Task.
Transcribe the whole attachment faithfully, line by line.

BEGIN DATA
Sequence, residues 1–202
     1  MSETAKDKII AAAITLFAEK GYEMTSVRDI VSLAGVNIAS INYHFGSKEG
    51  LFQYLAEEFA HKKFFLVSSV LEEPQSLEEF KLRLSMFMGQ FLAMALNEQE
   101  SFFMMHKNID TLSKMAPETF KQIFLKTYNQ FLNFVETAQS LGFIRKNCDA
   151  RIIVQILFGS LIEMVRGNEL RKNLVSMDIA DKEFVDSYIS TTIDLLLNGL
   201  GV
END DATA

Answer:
Sequence, residues 1–202
     1  MSETAKDKII AAAITLFAEK GYEMTSVRDI VSLAGVNIAS INYHFGSKEG
    51  LFQYLAEEFA HKKFFLVSSV LEEPQSLEEF KLRLSMFMGQ FLAMALNEQE
   101  SFFMMHKNID TLSKMAPETF KQIFLKTYNQ FLNFVETAQS LGFIRKNCDA
   151  RIIVQILFGS LIEMVRGNEL RKNLVSMDIA DKEFVDSYIS TTIDLLLNGL
   201  GV